In my observation, there's two kinds of people that pirate: those that do it because they can, and those that do it because it's cheaper OR because it's more easily available that way. The problem is NOT the first group, because you'll never truly stamp out people who wont follow laws. The problem is the persuading the second group from piracy, because many might stay legal consumers. That could turn losses from piracy AND litigation expenses, and turn them into profits. If the world was fair, content companies would look themselves in the mirror, re-evaluate their policies on things such as DRM and location-restrictions, and figure out how to make distribution more equitable and cost effective for both companies and consumers . However, the world is not fair.
    One of the founding ideas of the PageRank algorithm is that pages which are visited more often appear higher in the results. If you want to illegally download a song and google "Song Name Download" then click a link to a pirate site that will move that site up the rankings. All that has been proven in the last months is that people searching "band name mp3" are often looking for an illegal download.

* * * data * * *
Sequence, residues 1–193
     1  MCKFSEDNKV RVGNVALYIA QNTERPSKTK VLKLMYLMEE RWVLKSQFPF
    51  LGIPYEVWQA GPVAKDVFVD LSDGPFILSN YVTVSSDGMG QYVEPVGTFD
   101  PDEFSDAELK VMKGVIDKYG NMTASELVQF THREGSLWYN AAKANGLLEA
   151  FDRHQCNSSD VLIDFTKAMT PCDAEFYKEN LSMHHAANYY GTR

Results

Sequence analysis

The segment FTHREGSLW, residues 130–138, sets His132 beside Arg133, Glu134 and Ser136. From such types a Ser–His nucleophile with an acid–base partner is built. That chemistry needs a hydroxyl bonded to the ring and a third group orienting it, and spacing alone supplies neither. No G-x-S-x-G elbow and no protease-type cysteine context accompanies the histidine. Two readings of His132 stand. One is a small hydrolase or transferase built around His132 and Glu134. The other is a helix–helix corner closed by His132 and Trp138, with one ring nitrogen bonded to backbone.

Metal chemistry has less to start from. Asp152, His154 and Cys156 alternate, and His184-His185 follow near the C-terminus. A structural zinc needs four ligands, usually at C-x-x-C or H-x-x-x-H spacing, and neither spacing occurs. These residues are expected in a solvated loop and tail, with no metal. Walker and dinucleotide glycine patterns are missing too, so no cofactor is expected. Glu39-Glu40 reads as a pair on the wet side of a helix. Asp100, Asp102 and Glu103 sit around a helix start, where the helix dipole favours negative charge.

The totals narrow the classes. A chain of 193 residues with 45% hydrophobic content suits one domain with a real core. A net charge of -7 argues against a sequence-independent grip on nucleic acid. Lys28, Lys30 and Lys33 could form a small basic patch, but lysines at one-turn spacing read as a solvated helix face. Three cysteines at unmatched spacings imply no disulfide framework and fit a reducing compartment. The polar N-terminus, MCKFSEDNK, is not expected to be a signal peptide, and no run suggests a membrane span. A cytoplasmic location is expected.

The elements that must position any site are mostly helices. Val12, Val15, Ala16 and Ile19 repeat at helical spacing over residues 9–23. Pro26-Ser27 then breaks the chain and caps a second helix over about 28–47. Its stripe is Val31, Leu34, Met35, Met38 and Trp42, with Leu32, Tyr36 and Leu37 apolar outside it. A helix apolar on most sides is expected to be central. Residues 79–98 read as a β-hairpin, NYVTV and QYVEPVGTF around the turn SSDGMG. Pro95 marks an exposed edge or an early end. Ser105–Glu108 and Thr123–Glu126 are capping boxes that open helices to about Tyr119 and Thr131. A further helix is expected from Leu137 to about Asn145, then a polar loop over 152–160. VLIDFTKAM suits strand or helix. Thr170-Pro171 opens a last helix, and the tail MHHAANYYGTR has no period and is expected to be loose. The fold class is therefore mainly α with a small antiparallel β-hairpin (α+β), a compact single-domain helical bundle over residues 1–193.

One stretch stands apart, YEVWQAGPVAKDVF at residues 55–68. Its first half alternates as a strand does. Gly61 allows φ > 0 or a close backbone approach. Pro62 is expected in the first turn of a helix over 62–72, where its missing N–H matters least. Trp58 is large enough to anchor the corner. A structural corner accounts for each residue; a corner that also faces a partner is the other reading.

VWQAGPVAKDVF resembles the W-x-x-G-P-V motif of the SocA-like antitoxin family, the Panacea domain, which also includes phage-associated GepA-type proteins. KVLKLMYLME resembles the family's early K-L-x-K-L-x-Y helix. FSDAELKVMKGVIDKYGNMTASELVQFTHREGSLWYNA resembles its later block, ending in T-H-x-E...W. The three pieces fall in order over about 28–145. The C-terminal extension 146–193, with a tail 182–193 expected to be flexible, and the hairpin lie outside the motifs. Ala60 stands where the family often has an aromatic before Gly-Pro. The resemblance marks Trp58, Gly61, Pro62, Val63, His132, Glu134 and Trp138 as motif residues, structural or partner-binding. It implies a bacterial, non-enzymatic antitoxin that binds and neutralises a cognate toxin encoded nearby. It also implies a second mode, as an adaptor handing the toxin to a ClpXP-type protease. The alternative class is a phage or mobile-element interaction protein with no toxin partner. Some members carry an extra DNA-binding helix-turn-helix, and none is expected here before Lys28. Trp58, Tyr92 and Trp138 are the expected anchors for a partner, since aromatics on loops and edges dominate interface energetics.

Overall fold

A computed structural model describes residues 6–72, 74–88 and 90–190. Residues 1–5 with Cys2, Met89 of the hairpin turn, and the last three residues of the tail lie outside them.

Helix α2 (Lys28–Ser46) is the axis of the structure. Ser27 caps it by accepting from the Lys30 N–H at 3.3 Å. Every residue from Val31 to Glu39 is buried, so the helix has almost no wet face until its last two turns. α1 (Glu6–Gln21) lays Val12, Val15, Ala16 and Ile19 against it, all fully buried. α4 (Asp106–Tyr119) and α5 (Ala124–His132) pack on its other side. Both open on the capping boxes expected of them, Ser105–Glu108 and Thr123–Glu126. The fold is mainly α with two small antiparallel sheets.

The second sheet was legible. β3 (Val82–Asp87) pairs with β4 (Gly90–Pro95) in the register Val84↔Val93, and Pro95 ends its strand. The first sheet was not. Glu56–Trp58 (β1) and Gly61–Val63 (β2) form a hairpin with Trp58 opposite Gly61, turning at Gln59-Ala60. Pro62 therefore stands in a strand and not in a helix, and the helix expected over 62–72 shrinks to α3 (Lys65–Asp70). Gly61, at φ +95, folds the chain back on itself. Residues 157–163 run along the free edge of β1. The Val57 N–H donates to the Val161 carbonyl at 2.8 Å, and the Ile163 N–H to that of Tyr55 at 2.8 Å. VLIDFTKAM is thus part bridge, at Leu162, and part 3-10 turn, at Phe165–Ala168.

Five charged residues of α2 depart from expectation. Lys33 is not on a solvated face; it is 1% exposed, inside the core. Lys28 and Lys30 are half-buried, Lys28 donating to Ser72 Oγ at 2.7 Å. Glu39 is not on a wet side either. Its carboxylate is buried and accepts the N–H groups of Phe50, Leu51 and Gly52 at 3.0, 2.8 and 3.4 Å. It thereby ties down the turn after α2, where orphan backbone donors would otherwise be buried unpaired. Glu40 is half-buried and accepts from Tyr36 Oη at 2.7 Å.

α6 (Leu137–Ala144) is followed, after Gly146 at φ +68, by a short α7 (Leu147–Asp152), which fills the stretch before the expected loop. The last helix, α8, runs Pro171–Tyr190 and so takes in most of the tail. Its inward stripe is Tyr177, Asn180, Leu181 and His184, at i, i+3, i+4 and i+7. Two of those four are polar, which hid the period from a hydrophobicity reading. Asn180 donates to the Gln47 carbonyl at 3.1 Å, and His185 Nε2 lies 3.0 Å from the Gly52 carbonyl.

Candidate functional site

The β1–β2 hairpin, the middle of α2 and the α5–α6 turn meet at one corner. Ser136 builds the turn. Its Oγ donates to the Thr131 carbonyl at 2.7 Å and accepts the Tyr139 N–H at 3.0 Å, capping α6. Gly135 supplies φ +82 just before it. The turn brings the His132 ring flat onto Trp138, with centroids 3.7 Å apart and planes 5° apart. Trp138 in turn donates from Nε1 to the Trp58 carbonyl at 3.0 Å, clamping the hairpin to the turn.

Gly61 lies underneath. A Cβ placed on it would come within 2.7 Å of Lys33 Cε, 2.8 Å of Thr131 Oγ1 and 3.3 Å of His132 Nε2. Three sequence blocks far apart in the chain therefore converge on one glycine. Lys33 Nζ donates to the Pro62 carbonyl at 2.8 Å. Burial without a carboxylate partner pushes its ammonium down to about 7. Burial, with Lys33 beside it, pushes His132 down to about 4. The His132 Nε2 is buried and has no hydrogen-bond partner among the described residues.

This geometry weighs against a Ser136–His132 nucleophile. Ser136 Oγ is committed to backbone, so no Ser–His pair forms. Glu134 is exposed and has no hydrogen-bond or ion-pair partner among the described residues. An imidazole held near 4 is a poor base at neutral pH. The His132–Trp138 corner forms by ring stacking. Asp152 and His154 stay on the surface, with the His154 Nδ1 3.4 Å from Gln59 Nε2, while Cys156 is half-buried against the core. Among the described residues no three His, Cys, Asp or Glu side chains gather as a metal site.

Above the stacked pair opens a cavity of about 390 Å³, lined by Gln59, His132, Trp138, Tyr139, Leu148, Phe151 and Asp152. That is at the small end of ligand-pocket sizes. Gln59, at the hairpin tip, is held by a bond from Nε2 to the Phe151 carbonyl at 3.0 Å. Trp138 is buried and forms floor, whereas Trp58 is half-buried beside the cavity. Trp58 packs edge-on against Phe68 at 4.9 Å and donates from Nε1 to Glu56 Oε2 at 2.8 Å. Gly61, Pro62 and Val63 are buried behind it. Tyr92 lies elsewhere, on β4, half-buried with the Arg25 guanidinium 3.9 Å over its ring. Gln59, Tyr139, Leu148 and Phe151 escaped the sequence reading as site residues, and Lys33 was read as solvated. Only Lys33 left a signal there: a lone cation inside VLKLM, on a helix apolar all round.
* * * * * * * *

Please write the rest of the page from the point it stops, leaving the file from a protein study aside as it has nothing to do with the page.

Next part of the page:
All this goes to show is the entertainment industry has NO idea how the internet works. Google were HELPING them in the only way they can, they are a search engine, they have little control over what gets displayed upon a keyword search. This works by sending "Spiders" out across the internet to track sites. They did what they could by downgrading sites with multiple infringements reported to them, but in the long run this will do nothing to deter someone after their illegal files. Rather than bitch and moan at google for not helping enough, they should just try and find out a better way to deal with it.
    Filesharing is only illegal if you try to sell it... personal use is fair use.
    If you download something for free from an illegal source, it's not suddenly legal. You're depriving the rights holders from income they would otherwise get. It's not like music is that expensive anyway; You can get cds for $5-10 on-line and spotify etc. and youtube are free and generate some revenue at least.